Author: Joseph Moran
Review Date: 3/21/2005


Model: WGA54AG
Price: $129 (MSRP)
Pros: Dual-band a/g radio, supports configuration directly via the Xbox on-screen dashboard.
Cons: No WPA encryption, doesn’t retain separate settings for infrastructure and ad-hoc modes.

At first glance, Linksys WGA54AG Wireless A/G Game Adapter looks like little more than a version of its previous WGA54G (albeit with the addition of 802.11a compatibility). That’s arguably the biggest difference, but it’s not the only one.

The WGA54AG looks almost identical to its 802.11g-only predecessor, with the only physical differences being labeling, a slightly different look to the antenna, and the addition of a toggle to switch between ad-hoc and infrastructure mode.

There are several ways to get the WGA54AG up and running, and they range from easy to brain-dead easy. Linksys includes a setup wizard, but the WGA54AG is set for “any” SSID and no encryption by default, so if your WLAN is broadcasting its SSID and is unencrypted, you needn’t even bother with the wizard.

Otherwise, the Linksys setup wizard makes things quite simple, since it automatically locates the device and takes you through essential settings like defining ad-hoc or infrastructure mode, SSID and encryption (separate for A and G operation). Sadly, WEP is the sole encryption option in any mode.

You can use the wizard to define basic IP information like address, subnet, and gateway, but to facilitate access via Web-based administration you must initially define a static IP (or use the default of Once you’ve accessed the device through the browser, you can reconfigure the WAG54G as a DHCP client.

If you’re using the WGA54AG with an Xbox console as I did, then you needn’t concern yourself with the either the setup wizard or Web-based configuration. Most any wireless-to-Ethernet bridge is technically compatible with Xbox, but this product carries the “Xbox Live Compatible” logo. It’s more than simply marketing fluff. It essentially means that you can configure the WGA54AG directly via the Xbox on-screen dashboard, something that has heretofore been possible only with Microsoft’s own MN-740 802.11g adapter. (It also means that Microsoft will talk to you if you ever contact them for Xbox Live technical support.)

I tried configuring the WGA54AG via all three methods, and it worked like a champ on the first try each time. There were a couple of issues I discovered that didn’t affect the function of the WGA54AG but were nevertheless annoying.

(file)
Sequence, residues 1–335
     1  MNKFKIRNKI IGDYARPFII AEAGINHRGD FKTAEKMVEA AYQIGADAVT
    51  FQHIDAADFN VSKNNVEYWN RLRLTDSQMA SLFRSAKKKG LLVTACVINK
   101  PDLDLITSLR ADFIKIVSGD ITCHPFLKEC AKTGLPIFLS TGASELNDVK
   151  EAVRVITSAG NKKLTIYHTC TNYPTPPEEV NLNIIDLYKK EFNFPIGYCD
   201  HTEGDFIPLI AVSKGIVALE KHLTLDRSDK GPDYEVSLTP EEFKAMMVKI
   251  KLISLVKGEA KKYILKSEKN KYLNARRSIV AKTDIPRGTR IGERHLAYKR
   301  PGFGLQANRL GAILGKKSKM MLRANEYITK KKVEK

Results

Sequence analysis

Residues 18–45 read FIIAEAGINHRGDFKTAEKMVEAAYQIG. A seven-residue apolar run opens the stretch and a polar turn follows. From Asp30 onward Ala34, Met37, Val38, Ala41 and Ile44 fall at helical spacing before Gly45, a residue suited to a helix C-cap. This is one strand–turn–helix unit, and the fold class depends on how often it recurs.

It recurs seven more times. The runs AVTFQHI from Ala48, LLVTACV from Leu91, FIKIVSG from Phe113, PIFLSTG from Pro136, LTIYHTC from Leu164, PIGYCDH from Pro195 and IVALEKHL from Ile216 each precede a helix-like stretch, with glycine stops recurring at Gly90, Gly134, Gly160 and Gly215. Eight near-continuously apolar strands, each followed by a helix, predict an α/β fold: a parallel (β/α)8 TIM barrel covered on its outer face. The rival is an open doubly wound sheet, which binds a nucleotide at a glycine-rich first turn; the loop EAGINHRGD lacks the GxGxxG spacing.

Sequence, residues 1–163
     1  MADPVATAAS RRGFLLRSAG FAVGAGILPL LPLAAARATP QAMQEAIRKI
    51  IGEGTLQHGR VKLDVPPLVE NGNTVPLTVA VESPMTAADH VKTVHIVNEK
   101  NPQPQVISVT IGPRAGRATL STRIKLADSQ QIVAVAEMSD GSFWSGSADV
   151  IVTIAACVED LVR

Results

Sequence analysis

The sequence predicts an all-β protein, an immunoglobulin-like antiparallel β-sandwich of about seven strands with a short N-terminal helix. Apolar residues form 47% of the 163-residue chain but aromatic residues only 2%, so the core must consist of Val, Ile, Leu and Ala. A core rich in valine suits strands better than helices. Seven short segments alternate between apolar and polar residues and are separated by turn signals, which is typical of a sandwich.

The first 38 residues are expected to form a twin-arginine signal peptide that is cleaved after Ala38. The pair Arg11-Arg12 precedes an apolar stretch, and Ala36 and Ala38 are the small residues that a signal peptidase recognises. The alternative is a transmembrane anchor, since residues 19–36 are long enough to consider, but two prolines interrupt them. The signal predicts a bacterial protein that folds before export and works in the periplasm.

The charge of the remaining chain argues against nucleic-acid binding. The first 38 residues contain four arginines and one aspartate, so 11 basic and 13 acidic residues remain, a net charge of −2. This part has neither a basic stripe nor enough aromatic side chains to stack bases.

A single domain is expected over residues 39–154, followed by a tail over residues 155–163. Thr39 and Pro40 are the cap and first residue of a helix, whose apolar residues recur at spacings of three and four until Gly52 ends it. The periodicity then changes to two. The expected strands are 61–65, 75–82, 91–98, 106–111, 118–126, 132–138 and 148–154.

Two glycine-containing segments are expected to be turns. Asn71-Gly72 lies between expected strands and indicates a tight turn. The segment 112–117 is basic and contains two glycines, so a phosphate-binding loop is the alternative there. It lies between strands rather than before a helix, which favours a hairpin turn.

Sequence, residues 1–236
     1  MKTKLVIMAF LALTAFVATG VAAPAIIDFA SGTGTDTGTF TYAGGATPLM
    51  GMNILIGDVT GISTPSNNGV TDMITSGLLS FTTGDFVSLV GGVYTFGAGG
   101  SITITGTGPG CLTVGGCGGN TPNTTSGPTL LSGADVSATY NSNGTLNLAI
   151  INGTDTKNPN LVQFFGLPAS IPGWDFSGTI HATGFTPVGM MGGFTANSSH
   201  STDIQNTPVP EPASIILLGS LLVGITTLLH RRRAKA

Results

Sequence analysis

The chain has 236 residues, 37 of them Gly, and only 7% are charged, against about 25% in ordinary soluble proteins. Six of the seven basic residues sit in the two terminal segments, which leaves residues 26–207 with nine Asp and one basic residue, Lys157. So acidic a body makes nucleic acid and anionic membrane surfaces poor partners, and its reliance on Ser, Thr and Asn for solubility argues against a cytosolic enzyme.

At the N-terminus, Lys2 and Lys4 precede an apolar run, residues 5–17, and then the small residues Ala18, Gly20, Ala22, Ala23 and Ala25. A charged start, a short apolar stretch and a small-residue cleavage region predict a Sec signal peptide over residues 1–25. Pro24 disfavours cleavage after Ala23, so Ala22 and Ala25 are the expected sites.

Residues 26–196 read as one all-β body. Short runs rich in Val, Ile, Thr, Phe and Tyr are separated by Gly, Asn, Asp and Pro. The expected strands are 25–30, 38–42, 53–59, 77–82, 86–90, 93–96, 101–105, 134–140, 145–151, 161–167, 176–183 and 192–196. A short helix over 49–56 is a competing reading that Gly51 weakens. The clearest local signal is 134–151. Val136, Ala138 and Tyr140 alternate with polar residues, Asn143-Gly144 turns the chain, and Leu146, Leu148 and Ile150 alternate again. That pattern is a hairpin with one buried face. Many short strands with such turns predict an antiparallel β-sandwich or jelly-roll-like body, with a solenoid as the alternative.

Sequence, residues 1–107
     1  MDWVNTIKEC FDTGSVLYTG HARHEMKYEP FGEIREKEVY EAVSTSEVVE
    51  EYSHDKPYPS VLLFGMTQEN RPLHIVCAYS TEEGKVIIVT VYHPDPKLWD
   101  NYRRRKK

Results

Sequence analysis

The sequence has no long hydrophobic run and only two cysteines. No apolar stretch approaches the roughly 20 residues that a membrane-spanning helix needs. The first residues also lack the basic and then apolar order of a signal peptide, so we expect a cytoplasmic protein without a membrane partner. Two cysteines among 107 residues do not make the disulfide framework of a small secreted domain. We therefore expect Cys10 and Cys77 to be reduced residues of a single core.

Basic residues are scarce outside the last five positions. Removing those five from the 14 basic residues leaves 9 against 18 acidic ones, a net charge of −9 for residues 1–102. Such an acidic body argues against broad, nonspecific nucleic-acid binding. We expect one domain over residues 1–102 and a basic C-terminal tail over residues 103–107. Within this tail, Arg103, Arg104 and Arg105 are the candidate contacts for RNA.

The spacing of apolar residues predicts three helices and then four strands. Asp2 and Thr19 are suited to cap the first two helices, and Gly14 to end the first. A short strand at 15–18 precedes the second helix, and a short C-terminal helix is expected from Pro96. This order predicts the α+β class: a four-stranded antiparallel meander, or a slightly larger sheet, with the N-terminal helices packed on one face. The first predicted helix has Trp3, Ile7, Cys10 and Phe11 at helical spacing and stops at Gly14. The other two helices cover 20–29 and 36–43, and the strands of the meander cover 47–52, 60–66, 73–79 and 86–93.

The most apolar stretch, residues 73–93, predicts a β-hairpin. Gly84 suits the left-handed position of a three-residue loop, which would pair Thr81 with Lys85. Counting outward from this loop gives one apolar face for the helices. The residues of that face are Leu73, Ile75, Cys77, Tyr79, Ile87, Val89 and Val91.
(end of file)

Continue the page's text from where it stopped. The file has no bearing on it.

For head-to-head gamers that need to configure the WGA54AG in ad-hoc mode, the 3-position toggle switch lets you easily set the device in a or b/g mode, as long as you aren’t using encryption or a specific SSID. This won’t work if the other gamer has a WGA54AG however, since the identical IP addresses will cause a conflict. The setup wizard has a special mode that will quickly configure a pair of WGA54AGs going ad-hoc with default settings but still use different IP addresses.

Gamers planning to regularly use the same WGA54AG in both ad-hoc and infrastructure mode will be interested to know that the unit doesn’t seem to retain separate configuration settings (i.e. SSID and WEP key for the two modes). Therefore, unless you’re using default settings or the same SSID and WEP key for both modes, you’ll need to reconfigure the WGA54AG each time you switch modes.

There were a couple of other minor issues with the WGA54AG that were irksome, though they admittedly didn’t affect the unit’s function. One was that despite multiple attempts, I couldn’t successfully update the unit’s firmware. Although the WAG54AG recognized the updated firmware file from the Linksys Web site and seemed to go through the motions of the upgrade process, when all was said and done the firmware version had not changed. (Or at the very least, the WGA54AG failed to report the new version.)

WAG54AG’s online help page provides a convenient FTP link to the product manual on the Linksys site, but it’s to the wrong product— it brings up the documentation for the older WAG54G model. Fortunately, the correct manual is included on the product CD, not that most users are likely to need it.

You’ll pay about $20 or $30 more for the WGA54AG than for Linksys’ 11g-only WGA54G, and since that extra scratch gets you not only dual-band band compatibility and easier ad-hoc configuration the slight price premium seems justified. Xbox owners in particular will find stepping up to the WGA54AG worthwhile, even if an 802.11a network or head-to-head gaming aren’t in the offing.

Since wireless consumer electronics devices are probably destined to move to the 5GHz 802.11a frequency anyway (more channels mean less potential for interference with neighbors) at the very least, with the WGA54AG you’ll have all your bases covered.

Originally appeared on WiFi